September 19, 2008
I grew up in Issaquah, graduated from Skyline High School and now spend about four months a year in town. I thought I knew every restaurant Issaquah had to offer, but I had never heard of Amante until about a week ago.
Issaquah’s Amante restaurant is one of the chain’s 10 locations in the Puget Sound area.
It is located in a cute European-style building on Locust Street (near Safeway), and is fairly well hidden from the heavy traffic cruising down Gilman Boulevard daily. Our server estimated the Issaquah location to be about five years old. (He did admit he was new, however.)
September 19, 2008
Robert (Bob) Ginger
Bob Ginger, of Bellevue and formerly of Issaquah, died Sept. 13, 2008, at Overlake Hospital.
He was 87.
An upcoming memorial service will be posted at www.flintofts.com.
Bob was born March 19, 1921, in Everson, Wash., the son of Al and Aleda Ginger. He was raised in Bellingham and graduated from Bellingham High School. On March 12, 1942, he married a neighborhood girl friend, June (Hanson) Ginger. The family moved to Issaquah in 1953 and lived here until 2003.
In 1945, Bob was drafted into the Army Airforce. He was stationed in Texas, Tennessee, Delaware and Newfoundland.
Bob went to the Seattle School of Photography as a student and then became a teacher there. This prepared him for his long career as an industrial photographer with Pacific Car and Foundry and a separate division of PacCar, Kenworth Truck Co., where he was the chief photographer. This included taking public relations photos, engineering test photos and advertising photos for various trade journals. He retired in 1982.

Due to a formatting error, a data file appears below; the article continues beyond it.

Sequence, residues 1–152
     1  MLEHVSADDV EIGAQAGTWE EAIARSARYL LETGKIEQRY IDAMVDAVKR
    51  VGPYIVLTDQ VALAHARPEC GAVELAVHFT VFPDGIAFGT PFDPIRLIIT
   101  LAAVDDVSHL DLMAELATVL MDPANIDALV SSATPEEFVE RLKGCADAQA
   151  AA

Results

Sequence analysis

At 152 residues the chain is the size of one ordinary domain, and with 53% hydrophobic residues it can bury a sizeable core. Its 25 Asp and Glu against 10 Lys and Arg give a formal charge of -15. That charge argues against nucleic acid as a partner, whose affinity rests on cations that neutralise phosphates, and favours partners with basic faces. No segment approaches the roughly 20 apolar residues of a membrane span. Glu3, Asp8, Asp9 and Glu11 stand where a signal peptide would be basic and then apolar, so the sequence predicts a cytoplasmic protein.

Bob and June enjoyed traveling to Hawaii, Alaska and the Caribbean. They traveled the West Coast as far south as the Baja Peninsula, and they enjoyed trips to Scottsdale, Ariz.
As a volunteer for the Issaquah Visitor Information Center for 10 years, Bob was named Volunteer of the Year in 1998 by the Association of Visitor Information Centers of Washington. He had logged many hours at the center, where he enjoyed the people he worked with and the visitors from around the world.
Survivors include daughters, Michelle Ginger and Jo Anne Ginger-Schroeder; sister Betty Buchholtz; two grandchildren; two great-grandchildren; and many nieces and nephews.
The family suggests remembrances to Medic One Foundation, Mail Stop 359747, 325 Ninth Ave., Seattle, WA 98104-2420.
Friends are invited to share memories and sign the family’s online guest book at www.flintofts.com.
Eileen (Ball) Lane
Eileen (Ball) Lane, formerly of Issaquah, Sept. 6, 2008, after a 20-year battle with cancer. She was 60.
A service was Sept. 13 at Renton Bible Church, 973 Union Ave. N.E., Renton.
She was born to Alwin and Bernettia Ball on Dec. 1, 1947, in Hillsboro, Ore. She graduated from Issaquah High School in 1966, and married Don Lane on Nov. 24, 1990.